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Love Blooms at Last for Orlando, Now (UK), August 6, 2003
typed by Karen, scan by Elements

Orlando's big break came quickly when he walked out of college and straight into a blockbuster.

Orlando Bloom has revealed the reason why he's keeping his romance with American actress Kate Bosworth so low-key. After spending several years as a single man, he's wary of jinxing the relationship which has brought him contentment. Orlando, 26, launched his movie acting career with a major role in the Lord Of The Rings trilogy just two days after leaving drama school - and since then he's hardly stopped working. He also had to spend years recovering from a series of injuries, which made him fear for the future and put a check on his freedom - not to mention his love life.

But now he's enjoying a relationship with 20-year-old Kate, despite being thousands of miles from her most of the time as his career continues to soar. At the moment he's in Mexico filming Troy with Brad Pitt, while Kate's in Los Angeles. "I never like to discuss personal relationships," says Orlando. "It strikes me as disrespectful to the other person. What I will say is that I'm happy at the moment - and long may it continue".

Orlando has transformed himself in the six years since, as a bit part actor, he played a rent boy who shouted an insult across the street to Oscar Wilde, played by Stephen Fry, in Wilde. It's a far cry from playing elf hero Legolas in the Lord Of The Rings films - the final installment The Return Of The King hits the big screen this Christmas.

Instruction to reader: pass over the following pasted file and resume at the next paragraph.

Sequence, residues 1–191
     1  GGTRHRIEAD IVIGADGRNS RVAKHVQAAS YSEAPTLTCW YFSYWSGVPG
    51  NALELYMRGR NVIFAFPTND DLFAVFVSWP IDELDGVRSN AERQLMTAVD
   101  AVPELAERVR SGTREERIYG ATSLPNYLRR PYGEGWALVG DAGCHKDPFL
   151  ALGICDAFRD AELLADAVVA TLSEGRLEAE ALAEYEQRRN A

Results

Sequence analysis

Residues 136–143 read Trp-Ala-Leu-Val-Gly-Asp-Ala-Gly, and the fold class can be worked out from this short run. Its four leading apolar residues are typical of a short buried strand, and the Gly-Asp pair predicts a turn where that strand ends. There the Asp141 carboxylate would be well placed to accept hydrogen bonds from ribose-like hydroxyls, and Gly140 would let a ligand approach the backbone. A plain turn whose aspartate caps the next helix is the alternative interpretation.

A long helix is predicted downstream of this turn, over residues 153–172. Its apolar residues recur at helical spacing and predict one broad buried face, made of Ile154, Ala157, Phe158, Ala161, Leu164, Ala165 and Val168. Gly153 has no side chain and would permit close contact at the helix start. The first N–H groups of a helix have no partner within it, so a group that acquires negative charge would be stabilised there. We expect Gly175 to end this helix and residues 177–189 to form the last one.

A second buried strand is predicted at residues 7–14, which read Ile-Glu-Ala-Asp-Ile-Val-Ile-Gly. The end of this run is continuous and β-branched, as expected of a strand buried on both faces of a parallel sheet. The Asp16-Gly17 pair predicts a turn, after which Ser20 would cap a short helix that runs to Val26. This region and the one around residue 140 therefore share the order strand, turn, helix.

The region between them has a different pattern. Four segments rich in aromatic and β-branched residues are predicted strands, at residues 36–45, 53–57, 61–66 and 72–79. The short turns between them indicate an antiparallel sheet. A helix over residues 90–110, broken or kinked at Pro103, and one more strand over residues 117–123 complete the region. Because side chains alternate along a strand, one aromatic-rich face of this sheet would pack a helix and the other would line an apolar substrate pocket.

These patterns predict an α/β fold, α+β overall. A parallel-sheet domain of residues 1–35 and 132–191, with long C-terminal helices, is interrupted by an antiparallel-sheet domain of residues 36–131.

He has also traveled the world. He was based in Los Angeles while working on his latest movie Pirates Of The Caribbean: The Curse Of The Black Pearl, which is out this week, and visited Australia to film Ned Kelly, set to be released on 19 September. Luckily he was in Los Angeles long enough to meet Kate, who's best known for starring in The Rules Of Attraction. "Part of my problem is that I've always put work first in the past," says Orlando. "I think it's going to be a problem in the future, too. I'm having such a great time with the films I'm doing and I feel so lucky to be doing them that I don't want to let go. That's not always the best attitude if you want to develop a relationship."